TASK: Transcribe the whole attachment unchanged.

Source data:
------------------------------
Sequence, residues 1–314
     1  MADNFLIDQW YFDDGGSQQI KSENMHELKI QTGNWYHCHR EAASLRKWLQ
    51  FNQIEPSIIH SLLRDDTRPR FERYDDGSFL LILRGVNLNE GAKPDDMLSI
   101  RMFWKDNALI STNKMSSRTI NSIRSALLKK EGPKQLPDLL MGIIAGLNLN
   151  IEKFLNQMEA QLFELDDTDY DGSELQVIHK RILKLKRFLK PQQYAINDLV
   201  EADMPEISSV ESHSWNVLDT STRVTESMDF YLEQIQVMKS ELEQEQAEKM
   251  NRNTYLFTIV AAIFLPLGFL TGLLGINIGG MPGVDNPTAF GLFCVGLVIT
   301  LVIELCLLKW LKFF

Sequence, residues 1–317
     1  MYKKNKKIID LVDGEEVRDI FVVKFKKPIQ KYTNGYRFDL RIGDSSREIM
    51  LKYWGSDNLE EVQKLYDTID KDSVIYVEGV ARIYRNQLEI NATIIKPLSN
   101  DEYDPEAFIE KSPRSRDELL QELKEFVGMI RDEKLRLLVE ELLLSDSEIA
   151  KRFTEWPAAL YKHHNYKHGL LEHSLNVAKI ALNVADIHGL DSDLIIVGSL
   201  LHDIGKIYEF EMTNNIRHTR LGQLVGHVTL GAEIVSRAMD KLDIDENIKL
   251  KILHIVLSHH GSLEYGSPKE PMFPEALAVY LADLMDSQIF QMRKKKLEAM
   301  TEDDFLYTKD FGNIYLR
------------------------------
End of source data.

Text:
Sequence, residues 1–314
     1  MADNFLIDQW YFDDGGSQQI KSENMHELKI QTGNWYHCHR EAASLRKWLQ
    51  FNQIEPSIIH SLLRDDTRPR FERYDDGSFL LILRGVNLNE GAKPDDMLSI
   101  RMFWKDNALI STNKMSSRTI NSIRSALLKK EGPKQLPDLL MGIIAGLNLN
   151  IEKFLNQMEA QLFELDDTDY DGSELQVIHK RILKLKRFLK PQQYAINDLV
   201  EADMPEISSV ESHSWNVLDT STRVTESMDF YLEQIQVMKS ELEQEQAEKM
   251  NRNTYLFTIV AAIFLPLGFL TGLLGINIGG MPGVDNPTAF GLFCVGLVIT
   301  LVIELCLLKW LKFF

Sequence, residues 1–317
     1  MYKKNKKIID LVDGEEVRDI FVVKFKKPIQ KYTNGYRFDL RIGDSSREIM
    51  LKYWGSDNLE EVQKLYDTID KDSVIYVEGV ARIYRNQLEI NATIIKPLSN
   101  DEYDPEAFIE KSPRSRDELL QELKEFVGMI RDEKLRLLVE ELLLSDSEIA
   151  KRFTEWPAAL YKHHNYKHGL LEHSLNVAKI ALNVADIHGL DSDLIIVGSL
   201  LHDIGKIYEF EMTNNIRHTR LGQLVGHVTL GAEIVSRAMD KLDIDENIKL
   251  KILHIVLSHH GSLEYGSPKE PMFPEALAVY LADLMDSQIF QMRKKKLEAM
   301  TEDDFLYTKD FGNIYLR